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How FAIR can you get? Image Retrieval as a Use Case to calculate FAIR Metrics

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      Abstract

      A large number of services for research data management strive to adhere to the FAIR guiding principles for scientific data management and stewardship. To evaluate these services and to indicate possible improvements, use-case-centric metrics are needed as an addendum to existing metric frameworks. The retrieval of spatially and temporally annotated images can exemplify such a use case. The prototypical implementation indicates that currently no research data repository achieves the full score. Suggestions on how to increase the score include automatic annotation based on the metadata inside the image file and support for content negotiation to retrieve the images. These and other insights can lead to an improvement of data integration workflows, resulting in a better and more FAIR approach to manage research data.

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      caCORE: a common infrastructure for cancer informatics.

      Sites with substantive bioinformatics operations are challenged to build data processing and delivery infrastructure that provides reliable access and enables data integration. Locally generated data must be processed and stored such that relationships to external data sources can be presented. Consistency and comparability across data sets requires annotation with controlled vocabularies and, further, metadata standards for data representation. Programmatic access to the processed data should be supported to ensure the maximum possible value is extracted. Confronted with these challenges at the National Cancer Institute Center for Bioinformatics, we decided to develop a robust infrastructure for data management and integration that supports advanced biomedical applications. We have developed an interconnected set of software and services called caCORE. Enterprise Vocabulary Services (EVS) provide controlled vocabulary, dictionary and thesaurus services. The Cancer Data Standards Repository (caDSR) provides a metadata registry for common data elements. Cancer Bioinformatics Infrastructure Objects (caBIO) implements an object-oriented model of the biomedical domain and provides Java, Simple Object Access Protocol and HTTP-XML application programming interfaces. caCORE has been used to develop scientific applications that bring together data from distinct genomic and clinical science sources. caCORE downloads and web interfaces can be accessed from links on the caCORE web site (http://ncicb.nci.nih.gov/core). caBIO software is distributed under an open source license that permits unrestricted academic and commercial use. Vocabulary and metadata content in the EVS and caDSR, respectively, is similarly unrestricted, and is available through web applications and FTP downloads. http://ncicb.nci.nih.gov/core/publications contains links to the caBIO 1.0 class diagram and the caCORE 1.0 Technical Guide, which provide detailed information on the present caCORE architecture, data sources and APIs. Updated information appears on a regular basis on the caCORE web site (http://ncicb.nci.nih.gov/core).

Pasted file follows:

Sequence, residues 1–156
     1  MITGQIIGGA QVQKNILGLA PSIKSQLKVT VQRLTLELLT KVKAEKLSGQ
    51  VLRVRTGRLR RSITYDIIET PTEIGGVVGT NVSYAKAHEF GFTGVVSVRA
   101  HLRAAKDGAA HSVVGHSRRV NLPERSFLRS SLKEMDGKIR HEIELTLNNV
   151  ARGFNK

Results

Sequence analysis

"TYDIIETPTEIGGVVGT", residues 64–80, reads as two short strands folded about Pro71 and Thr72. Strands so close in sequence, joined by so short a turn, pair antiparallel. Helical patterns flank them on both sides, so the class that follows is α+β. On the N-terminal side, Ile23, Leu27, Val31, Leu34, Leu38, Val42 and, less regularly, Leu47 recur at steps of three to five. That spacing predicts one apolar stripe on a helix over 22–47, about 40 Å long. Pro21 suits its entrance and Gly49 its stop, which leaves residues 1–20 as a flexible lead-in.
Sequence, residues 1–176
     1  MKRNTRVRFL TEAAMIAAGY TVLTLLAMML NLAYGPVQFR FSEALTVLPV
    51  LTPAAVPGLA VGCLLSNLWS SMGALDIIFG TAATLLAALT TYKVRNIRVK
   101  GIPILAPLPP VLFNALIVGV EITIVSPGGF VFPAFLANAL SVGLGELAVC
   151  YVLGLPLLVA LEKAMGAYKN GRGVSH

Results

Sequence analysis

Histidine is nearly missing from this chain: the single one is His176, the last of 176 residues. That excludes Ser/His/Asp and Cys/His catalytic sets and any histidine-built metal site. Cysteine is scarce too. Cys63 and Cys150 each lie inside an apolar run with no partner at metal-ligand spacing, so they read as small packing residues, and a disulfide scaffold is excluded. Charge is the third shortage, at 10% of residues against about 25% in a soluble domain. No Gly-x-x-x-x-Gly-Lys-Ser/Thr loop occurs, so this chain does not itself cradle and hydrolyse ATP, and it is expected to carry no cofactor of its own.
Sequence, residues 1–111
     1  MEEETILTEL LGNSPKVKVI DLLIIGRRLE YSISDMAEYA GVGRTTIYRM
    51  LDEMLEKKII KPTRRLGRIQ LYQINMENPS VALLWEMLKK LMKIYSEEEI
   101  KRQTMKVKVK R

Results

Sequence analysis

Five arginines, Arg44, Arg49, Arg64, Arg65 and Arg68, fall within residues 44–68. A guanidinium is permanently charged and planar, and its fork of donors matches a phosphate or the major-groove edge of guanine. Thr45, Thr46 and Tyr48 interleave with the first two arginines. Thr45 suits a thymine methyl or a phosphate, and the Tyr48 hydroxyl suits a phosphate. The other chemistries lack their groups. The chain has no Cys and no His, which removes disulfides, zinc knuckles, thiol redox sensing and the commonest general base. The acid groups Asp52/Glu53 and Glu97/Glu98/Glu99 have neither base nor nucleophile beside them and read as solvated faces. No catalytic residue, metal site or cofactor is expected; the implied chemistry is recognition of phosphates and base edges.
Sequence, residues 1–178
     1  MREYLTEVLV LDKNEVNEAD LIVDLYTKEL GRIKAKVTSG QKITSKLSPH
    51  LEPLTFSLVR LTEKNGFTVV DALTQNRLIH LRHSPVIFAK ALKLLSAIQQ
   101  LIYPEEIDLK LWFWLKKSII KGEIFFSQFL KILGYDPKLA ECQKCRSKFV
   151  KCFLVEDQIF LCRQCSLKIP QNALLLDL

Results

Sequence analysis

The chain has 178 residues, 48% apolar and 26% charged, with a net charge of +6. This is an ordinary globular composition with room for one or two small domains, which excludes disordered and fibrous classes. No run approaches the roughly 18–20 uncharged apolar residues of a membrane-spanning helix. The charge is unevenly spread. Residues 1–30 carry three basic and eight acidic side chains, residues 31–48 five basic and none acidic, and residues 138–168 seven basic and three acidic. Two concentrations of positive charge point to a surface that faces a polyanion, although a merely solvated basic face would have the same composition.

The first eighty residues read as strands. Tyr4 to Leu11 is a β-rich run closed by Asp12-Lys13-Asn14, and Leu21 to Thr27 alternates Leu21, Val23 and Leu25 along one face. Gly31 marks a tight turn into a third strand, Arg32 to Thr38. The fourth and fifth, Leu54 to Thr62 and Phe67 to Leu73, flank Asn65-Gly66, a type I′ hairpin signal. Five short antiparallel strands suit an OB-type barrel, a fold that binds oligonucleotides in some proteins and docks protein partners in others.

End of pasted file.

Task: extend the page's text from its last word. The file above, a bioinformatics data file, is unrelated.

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        Image processing for artist identification

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          Making Research Data Repositories Visible: The re3data.org Registry

          Researchers require infrastructures that ensure a maximum of accessibility, stability and reliability to facilitate working with and sharing of research data. Such infrastructures are being increasingly summarized under the term Research Data Repositories (RDR). The project re3data.org–Registry of Research Data Repositories–has begun to index research data repositories in 2012 and offers researchers, funding organizations, libraries and publishers an overview of the heterogeneous research data repository landscape. In July 2013 re3data.org lists 400 research data repositories and counting. 288 of these are described in detail using the re3data.org vocabulary. Information icons help researchers to easily identify an adequate repository for the storage and reuse of their data. This article describes the heterogeneous RDR landscape and presents a typology of institutional, disciplinary, multidisciplinary and project-specific RDR. Further the article outlines the features of re3data.org, and shows how this registry helps to identify appropriate repositories for storage and search of research data.
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            Author and article information

            Journal
            09 October 2018
            1810.03824

            http://creativecommons.org/licenses/by/4.0/

            Custom metadata
            This is a preprint for a paper accepted for the 2018 IEEE conference
            cs.CY

            Applied computer science

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